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In today’s difficult global economy, work stress is high, and this stress along with other health factors can affect work productivity, satisfaction, safety, absenteeism, turnover, and even workplace violence. As a result, organizations are increasingly turning to occupational health psychology (OHP) to develop, maintain, and promote the health of employees. This second edition of the Handbook of Occupational Health Psychology reviews the history of OHP; theories and models; causes of work problems and risks; resulting symptoms and disorders; prevention, intervention, and treatment strategies used by practicing professions; and methods of research and evaluation. The chapters have been updated since the first edition was published, and several new chapters have been added addressing cross-cultural issues, leadership, pain and musculoskeletal conditions, substance abuse, and organizational justice. With a comprehensive scope and interdisciplinary approach, this book will interest professionals from a range of specialties, including industrial and organizational psychology, human factors, social psychology, health psychology, clinical psychology, public health, preventive medicine, and industrial engineering.
About the Author
James Campbell Quick, PhD, is John and Judy Goolsby Distinguished Professor, Goolsby Leadership Academy at the University of Texas at Arlington, and visiting professor, Lancaster University Management School, United Kingdom. He is a fellow of the Society for Industrial and Organizational Psychology, APA, and of the American Institute of Stress. He was awarded an APA presidential citation in 2001 and the 2002 Harry and Miriam Levinson Award by the American Psychological Foundation. He and his brother Jonathan originated preventive stress management, a term included in the 2007 APA Dictionary of Psychology. He has more than 100 publications in 10 languages and holds a 2009 University Award for Distinguished Record of Research. Colonel (Ret.) Quick was awarded the Legion of Merit by the United States Air Force and the Maroon Citation by Colgate University. He is married to the former Sheri Grimes Schember; both are members of the Chancellor’s Council of the University of Texas System and the Silver Society, American Psychological Foundation. Lois E. Tetrick, PhD, received her doctorate in industrial and organizational psychology from the Georgia Institute of Technology in 1983. Upon completion of her doctoral studies, she joined the faculty of the Department of Psychology at Wayne State University and remained there until 1995, when she moved to the Department of Psychology at the University of Houston. She joined the faculty at George Mason University as the director of the Industrial and Organizational Psychology Program in 2003. Dr. Tetrick is editor of the Journal of Occupational Health Psychology. She coedited the first edition of the Handbook of Occupational Health Psychology with James Campbell Quick and Health and Safety in Organizations with David Hofmann. She also coedited The Employment Relationship: Examining Psychological and Contextual Perspectives with Jacqueline Coyle-Shapiro, Lynn Shore, and Susan Taylor. Dr. Tetrick is a fellow of the European Academy of Occupational Health Psychology, APA, the Society for Industrial and Organizational Psychology (SIOP), and the Association for Psychological Science. She served as president of SIOP (2007-2008), chair of the Human Resources Division of the Academy of Management (2001-2002), SIOP representative on the APA Council of Representatives (2003-2005), and member of the APA Board of Scientific Affairs (2006-2009). Her research interests are occupational health and safety, occupational stress, the work-family interface, and the psychological contracts and exchange relationships between employees and their organizations.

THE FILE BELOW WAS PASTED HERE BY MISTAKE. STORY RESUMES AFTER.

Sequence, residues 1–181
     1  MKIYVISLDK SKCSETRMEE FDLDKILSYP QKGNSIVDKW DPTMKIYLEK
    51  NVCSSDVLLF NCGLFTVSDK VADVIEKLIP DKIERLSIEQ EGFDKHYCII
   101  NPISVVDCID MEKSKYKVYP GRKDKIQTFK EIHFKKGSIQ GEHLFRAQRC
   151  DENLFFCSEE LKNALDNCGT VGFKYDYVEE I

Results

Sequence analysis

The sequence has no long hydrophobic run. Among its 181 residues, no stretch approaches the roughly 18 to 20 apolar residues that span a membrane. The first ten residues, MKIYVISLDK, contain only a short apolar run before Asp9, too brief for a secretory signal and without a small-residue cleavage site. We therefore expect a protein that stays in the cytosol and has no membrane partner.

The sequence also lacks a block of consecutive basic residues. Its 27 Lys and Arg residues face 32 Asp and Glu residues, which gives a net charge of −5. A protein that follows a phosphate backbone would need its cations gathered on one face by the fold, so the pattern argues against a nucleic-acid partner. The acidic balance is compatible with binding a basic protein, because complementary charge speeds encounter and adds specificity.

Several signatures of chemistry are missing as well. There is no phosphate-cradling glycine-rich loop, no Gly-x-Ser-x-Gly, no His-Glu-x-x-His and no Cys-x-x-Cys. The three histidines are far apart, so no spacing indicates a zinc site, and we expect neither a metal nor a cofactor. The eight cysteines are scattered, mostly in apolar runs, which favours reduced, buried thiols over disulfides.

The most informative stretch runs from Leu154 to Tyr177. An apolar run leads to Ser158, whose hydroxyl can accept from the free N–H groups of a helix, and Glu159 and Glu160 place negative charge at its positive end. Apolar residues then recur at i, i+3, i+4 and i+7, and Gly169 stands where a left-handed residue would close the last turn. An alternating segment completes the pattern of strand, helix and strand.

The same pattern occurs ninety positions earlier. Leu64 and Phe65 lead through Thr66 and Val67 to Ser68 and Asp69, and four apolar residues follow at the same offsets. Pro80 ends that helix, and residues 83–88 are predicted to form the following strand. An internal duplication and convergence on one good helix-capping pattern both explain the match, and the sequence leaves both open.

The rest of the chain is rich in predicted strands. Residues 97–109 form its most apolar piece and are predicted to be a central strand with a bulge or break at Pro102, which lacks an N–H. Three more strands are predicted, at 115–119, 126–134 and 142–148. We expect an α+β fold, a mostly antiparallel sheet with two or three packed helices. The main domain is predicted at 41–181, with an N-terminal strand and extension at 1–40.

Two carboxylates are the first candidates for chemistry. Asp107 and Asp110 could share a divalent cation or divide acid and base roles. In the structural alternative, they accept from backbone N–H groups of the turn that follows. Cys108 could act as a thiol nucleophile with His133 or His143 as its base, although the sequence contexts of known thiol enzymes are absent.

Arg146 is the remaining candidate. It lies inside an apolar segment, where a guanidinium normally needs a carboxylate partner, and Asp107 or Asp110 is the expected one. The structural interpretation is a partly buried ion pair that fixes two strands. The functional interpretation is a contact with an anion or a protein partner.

Updating the classic first edition of “The Heart and Soul of Change”, editors Duncan, Miller, Wampold, and Hubble, have created a new and enriched volume that presents the most recent research on what works in therapeutic practice, a thorough analysis of this research, and practical guidance on how a therapist can truly ‘deliver what works in therapy’. This volume examines the common factors underlying effective psychotherapy and brings the psychotherapist and the client-therapist relationship back into focus as key determinants of psychotherapy outcome. The second edition of “The Heart and Soul of Change” also demonstrates the power of systematic client feedback to improve effectiveness and efficiency and legitimize psychotherapy services to third party payers. In this way, psychotherapy is implemented one person at a time, based on that unique individual’s perceptions of the progress and fit of the therapy and therapist. Readers familiar with the first edition will encounter the same pragmatic focus but with a larger breadth of coverage – this edition adds chapters on both youth psychotherapy and substance abuse treatment. Through reading “The Heart and Soul of Change, Second Edition: Delivering What Works in Therapy” clinicians of varied levels of experience will improve their understanding of what is truly therapeutic in the diverse forms of psychotherapy practiced today.